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Tuesday, 2 April 2013

Dog Days of Summer: How to prevent Canine Heatstroke.

It's summer time again, most people enjoy this weather because they would be able to flaunt their sexy bodies in skimpy swimsuits. However, Hot weather spells trouble for dogs. Because they can’t release heat by sweating the way humans do, heat and humidity can raise canine body temperatures to dangerous levels. Heat stroke kills, and heat stress (a less severe condition) can take a serious toll on a dog’s health. Unfortunately, heat-related problems are among the most common summer canine ailments.

image source: http://www.activevetcare.ie
 Conscientious caregivers plan ahead and do everything they can to keep their dogs safe in the heat. Here are some strategies and products for helping hot dogs chill out.

To reduce canine summer heat stress, let your dog become accustomed to climate changes naturally and gradually, the way animals adapt in the wild. Schedule long walks for the coolest time of the day but spend a few minutes outdoors during warmer hours, too. Unless your climate is dangerously hot, your dog can be comfortable for short periods.

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Summer daytime temperatures are coolest at dawn and dusk. Just after sunrise and just before sunset are the best times to take your dog for a run or a long walk. Humidity matters as much as temperature; in fact, a combination of high humidity and moderate temperatures can stress a dog as much as mid-day sun. Always watch for signs of stress. Dogs pant to release heat, so if your dog pants more heavily than usual, slow down, stop, find shade, offer water, and rest for a while.

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Ideal dog exercise locations are shaded parks or lawns near a pond, river, creek, or pool. Beaches are usually cooler than inland areas, and both lakes and oceans (assuming conditions are safe for swimming) allow dogs to cool off whenever they like. Whether your dog is a wader or swimmer, let him rest in the shade after playing in water. At home, a plastic wading pool can be a perfect place to dip and chill.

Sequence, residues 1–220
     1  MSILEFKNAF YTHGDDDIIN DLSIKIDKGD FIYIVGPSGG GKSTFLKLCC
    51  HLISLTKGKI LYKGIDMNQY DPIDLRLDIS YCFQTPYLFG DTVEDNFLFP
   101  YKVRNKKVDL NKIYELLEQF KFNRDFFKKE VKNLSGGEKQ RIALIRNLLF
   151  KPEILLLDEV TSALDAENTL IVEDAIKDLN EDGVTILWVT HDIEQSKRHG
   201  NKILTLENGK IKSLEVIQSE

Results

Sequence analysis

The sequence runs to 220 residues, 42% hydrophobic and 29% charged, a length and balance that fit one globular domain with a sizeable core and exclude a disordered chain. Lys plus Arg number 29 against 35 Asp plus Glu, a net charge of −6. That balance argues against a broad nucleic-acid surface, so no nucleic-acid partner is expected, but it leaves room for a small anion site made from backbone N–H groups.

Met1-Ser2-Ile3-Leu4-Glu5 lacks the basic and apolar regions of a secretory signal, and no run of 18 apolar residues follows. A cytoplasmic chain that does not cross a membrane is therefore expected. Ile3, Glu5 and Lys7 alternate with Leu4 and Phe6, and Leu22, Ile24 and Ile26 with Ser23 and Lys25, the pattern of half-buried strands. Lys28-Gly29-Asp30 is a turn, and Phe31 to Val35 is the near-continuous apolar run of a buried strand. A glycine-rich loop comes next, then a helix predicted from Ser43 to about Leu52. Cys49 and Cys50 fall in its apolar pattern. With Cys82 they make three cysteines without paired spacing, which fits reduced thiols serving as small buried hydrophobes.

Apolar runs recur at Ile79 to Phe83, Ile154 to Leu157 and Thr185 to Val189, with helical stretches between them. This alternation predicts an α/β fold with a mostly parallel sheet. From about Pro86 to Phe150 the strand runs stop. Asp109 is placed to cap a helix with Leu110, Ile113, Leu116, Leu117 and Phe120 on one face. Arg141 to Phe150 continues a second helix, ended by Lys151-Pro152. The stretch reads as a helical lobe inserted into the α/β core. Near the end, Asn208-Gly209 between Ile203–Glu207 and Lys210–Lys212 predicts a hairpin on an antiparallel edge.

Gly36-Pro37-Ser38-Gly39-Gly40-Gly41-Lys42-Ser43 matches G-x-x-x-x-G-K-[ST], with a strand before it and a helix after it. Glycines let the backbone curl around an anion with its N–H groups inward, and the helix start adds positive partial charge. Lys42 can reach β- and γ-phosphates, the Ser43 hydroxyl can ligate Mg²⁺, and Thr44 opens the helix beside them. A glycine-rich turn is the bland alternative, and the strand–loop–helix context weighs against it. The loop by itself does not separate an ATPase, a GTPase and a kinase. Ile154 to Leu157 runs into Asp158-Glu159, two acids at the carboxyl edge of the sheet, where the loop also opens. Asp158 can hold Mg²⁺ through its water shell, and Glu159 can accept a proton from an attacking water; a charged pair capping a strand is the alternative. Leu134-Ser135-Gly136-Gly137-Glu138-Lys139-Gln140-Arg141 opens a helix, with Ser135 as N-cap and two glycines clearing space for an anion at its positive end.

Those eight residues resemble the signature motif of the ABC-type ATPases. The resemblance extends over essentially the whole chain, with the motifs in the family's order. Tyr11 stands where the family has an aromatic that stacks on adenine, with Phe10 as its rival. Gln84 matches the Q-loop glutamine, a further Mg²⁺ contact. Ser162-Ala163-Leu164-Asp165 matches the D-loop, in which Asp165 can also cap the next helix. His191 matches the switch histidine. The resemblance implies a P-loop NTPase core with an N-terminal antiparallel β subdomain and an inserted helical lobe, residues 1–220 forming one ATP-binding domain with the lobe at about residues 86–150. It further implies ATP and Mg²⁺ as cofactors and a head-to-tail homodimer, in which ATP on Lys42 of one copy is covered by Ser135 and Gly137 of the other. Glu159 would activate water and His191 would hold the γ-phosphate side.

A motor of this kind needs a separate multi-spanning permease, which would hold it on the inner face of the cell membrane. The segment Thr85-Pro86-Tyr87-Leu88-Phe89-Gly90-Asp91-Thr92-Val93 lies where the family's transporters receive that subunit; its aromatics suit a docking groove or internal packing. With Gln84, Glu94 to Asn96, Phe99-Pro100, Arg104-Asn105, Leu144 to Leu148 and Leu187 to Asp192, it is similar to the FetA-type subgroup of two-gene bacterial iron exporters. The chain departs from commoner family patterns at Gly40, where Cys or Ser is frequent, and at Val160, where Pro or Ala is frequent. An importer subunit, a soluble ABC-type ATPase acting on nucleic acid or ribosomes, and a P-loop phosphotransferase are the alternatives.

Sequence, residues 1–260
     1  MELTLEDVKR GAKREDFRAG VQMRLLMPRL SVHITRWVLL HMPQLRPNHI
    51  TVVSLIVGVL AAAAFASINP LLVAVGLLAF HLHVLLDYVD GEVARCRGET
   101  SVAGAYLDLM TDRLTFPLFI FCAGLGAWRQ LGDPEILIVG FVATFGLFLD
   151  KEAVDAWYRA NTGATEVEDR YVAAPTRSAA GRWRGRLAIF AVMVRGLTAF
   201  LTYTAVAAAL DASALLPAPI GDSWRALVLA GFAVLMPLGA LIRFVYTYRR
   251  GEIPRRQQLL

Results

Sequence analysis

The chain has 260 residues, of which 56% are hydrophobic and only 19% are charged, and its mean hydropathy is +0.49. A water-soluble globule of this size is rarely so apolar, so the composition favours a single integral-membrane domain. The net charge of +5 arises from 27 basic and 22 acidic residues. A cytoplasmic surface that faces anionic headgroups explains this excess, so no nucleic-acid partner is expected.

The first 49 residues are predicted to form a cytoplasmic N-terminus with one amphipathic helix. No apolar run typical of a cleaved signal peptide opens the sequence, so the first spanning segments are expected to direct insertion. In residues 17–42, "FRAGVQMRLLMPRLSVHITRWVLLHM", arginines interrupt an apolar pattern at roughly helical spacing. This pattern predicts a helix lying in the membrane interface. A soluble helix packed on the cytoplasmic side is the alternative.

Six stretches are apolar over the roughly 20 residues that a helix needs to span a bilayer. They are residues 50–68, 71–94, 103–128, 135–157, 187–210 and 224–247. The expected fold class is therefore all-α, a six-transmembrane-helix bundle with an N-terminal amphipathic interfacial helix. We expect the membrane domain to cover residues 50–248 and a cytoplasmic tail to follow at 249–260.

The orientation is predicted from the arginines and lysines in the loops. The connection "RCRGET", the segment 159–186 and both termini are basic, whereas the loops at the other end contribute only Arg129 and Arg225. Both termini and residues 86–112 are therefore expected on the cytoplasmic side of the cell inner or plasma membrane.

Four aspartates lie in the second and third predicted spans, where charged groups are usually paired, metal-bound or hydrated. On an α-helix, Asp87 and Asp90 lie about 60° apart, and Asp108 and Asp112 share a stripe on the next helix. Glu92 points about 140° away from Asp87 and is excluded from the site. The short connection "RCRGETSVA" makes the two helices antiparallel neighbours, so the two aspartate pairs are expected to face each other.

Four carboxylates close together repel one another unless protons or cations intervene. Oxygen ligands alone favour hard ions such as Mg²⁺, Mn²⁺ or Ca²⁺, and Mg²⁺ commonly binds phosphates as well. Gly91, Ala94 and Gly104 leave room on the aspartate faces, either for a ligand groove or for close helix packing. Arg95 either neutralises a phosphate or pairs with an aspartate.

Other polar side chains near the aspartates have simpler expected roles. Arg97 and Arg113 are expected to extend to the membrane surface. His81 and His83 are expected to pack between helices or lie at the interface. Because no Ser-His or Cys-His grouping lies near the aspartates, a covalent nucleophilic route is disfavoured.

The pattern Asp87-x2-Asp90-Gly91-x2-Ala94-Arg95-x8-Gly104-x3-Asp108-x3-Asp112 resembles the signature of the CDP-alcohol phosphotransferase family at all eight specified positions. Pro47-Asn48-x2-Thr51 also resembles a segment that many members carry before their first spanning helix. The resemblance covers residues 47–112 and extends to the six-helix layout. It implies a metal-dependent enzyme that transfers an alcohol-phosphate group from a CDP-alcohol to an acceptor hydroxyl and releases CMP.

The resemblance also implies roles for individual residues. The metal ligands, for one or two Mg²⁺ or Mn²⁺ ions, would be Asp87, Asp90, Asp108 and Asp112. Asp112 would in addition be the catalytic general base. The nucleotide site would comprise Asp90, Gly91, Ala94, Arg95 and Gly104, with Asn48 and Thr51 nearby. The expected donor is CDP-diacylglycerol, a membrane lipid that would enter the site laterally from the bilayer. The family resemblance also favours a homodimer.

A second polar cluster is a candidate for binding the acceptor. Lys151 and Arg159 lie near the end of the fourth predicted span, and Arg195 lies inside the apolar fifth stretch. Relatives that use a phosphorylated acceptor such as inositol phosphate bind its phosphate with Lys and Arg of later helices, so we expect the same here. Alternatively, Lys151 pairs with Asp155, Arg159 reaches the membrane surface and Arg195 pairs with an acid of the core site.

image source: http://cahvetclinics.com
Whenever temperatures climb, provide extra drinking water. Your dog’s panting cools him by releasing body heat, but this process also can dehydrate his body.

To encourage a hot dog to drink on hot days, resupply his cold water. Some people fill a dog bowl or bucket and freeze it overnight. As it melts during the day, it provides a steady supply of refreshing, cold water (check to make sure it melts quickly enough to provide as much water as he might wish to drink).

Alternatively, or in addition, freeze or simply chill water in the refrigerator in a plastic water bottle and add the melting or chilled contents to your dog’s water periodically throughout the day. Change your dog’s water more often during hot weather and add ice cubes to your dog’s bowl.

Many hot dogs enjoy curling up with a nice cold ice pack. A frozen plastic water bottle stays cool for hours. Dogs who use frozen water bottles as pillows cool down quickly, since blood circulates close to the surface at the neck and throat.

image source: http://www.peakcitypuppy.com

For summer comfort, nothing beats the shade of trees, so as you plan the day’s activities, look for parks, play areas, picnic tables, and hiking trails that are sheltered from direct sunlight. At home, if your dog doesn’t have a dog door or easy access in and out, be sure he has shade to rest in and ample water supplies. The sun’s angle changes with the seasons, so be aware of shifting shade patterns. Providing shade is most important between 10 a.m. and 4 p.m.